HMI executive secretary Diana Mašala Perković made an official two-day visit to the Croatian community of southern Hungary on the occasion of the celebration of the 70th anniversary of Croatian language instruction in Santovo and the 10th Croatian national pilgrimage to the Marian shrine in Đud.
A symposium was staged on the 21st of May at the Culture Centre in Santovo on the beginnings of Croatian language school instruction in Hungary. Đuro Franković and Stjepan Blažetin, the director of the Hungarian Croatian Institute of Sciences, related the history of Croatian language education in Hungary, Croatian schools and the raising of a sense of awareness of membership in the ethnic community. Also on hand to address the gathered were Ivan Gugan, president of the Croatian national self-government, and Joso Šibalin, director of the school in Santovo. The presentations were followed by a culture programme prepared by the school pupils.
Also on hand were Ksenija Majcan-Franjković of the Croatian science, education and sports ministry and Vesna Haluga, the Croatian general consul in Pécs. A visit was organised following the anniversary celebration to Croatian language kindergartens and schools. The Croatian science, education and sports ministry will, at the initiative of general consul Haluga and Croatian Heritage Foundation director Marin Knezović, donate textbooks for the needs of the schools holding classes in ethnography, these being Croatian language and literature textbooks for elementary school grades 1 through 8 and history and geography textbooks for elementary school grades 5 through 8.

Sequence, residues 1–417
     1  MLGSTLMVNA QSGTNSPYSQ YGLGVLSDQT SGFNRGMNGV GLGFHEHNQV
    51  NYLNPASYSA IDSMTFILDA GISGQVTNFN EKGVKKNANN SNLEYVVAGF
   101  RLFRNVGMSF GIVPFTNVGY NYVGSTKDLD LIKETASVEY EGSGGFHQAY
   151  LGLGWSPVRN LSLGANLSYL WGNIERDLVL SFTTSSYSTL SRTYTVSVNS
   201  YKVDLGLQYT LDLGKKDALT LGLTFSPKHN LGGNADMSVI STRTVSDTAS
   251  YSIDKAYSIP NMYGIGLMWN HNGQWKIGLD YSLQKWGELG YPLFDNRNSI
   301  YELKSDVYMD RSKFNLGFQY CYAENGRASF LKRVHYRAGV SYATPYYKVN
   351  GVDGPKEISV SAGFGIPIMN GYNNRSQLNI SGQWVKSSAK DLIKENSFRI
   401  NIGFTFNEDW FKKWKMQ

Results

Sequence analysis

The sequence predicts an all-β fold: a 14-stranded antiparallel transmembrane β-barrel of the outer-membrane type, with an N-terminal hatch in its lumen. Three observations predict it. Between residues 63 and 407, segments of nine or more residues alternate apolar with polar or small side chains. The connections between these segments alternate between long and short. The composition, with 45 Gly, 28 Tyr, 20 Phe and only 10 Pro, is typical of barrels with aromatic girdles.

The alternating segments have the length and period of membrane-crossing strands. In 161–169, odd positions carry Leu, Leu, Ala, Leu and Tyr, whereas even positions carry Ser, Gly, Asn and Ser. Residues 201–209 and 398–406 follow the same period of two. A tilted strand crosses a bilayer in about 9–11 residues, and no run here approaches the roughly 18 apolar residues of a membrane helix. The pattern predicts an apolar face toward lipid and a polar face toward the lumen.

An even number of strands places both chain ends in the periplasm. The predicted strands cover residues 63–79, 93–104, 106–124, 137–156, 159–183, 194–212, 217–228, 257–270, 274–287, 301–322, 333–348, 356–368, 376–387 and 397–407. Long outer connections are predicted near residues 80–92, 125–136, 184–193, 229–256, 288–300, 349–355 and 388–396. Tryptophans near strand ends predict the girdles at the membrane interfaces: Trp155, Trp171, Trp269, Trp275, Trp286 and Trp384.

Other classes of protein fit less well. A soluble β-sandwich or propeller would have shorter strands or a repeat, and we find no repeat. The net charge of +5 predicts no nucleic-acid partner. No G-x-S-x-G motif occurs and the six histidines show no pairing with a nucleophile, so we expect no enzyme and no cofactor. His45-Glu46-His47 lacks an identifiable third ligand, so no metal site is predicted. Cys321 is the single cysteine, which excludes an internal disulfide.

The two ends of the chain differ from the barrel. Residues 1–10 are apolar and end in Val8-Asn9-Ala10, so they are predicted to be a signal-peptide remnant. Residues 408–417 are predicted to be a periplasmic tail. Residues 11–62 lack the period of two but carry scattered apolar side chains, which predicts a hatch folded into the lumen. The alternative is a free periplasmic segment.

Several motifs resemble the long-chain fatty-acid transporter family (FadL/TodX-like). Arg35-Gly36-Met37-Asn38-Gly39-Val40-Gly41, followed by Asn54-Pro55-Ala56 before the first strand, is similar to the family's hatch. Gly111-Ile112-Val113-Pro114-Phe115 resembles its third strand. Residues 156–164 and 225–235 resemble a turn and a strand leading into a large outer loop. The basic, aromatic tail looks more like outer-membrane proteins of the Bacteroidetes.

The 10th Croatian national pilgrimage to the Marian shrine at Đud/Máriagyüd in the Hungarian part of the Baranja (Baranya) region was staged on the 22nd of May. The pilgrimage was organised by the Croatian national self-government on the occasion of the Feast of the Holy Trinity. The programme kicked off in the morning hours with a Roman Catholic mass in the Hungarian and Croatian languages. Máriagyüd – one of the oldest Marian shrines – has for ages been the destination of pilgrims from the Slavonia, Srijem and Bosnia regions. Today it gathers Croatians from across Hungary and the broader neighbourhood. An altar was erected in 1938 in the open space next to the shrine to meet the needs of the very great number of pilgrims. A part of the monastery was adapted to serve as the Pécs’ diocese Domus Mariae dormitory for pilgrims. The celebrations were covered by Hungarian state television. It has been said that in earlier centuries the region was visited to “enrich the spirit, find peace in tranquillity and healing for the passer-by and pilgrim.”
Text by: Naida Šehović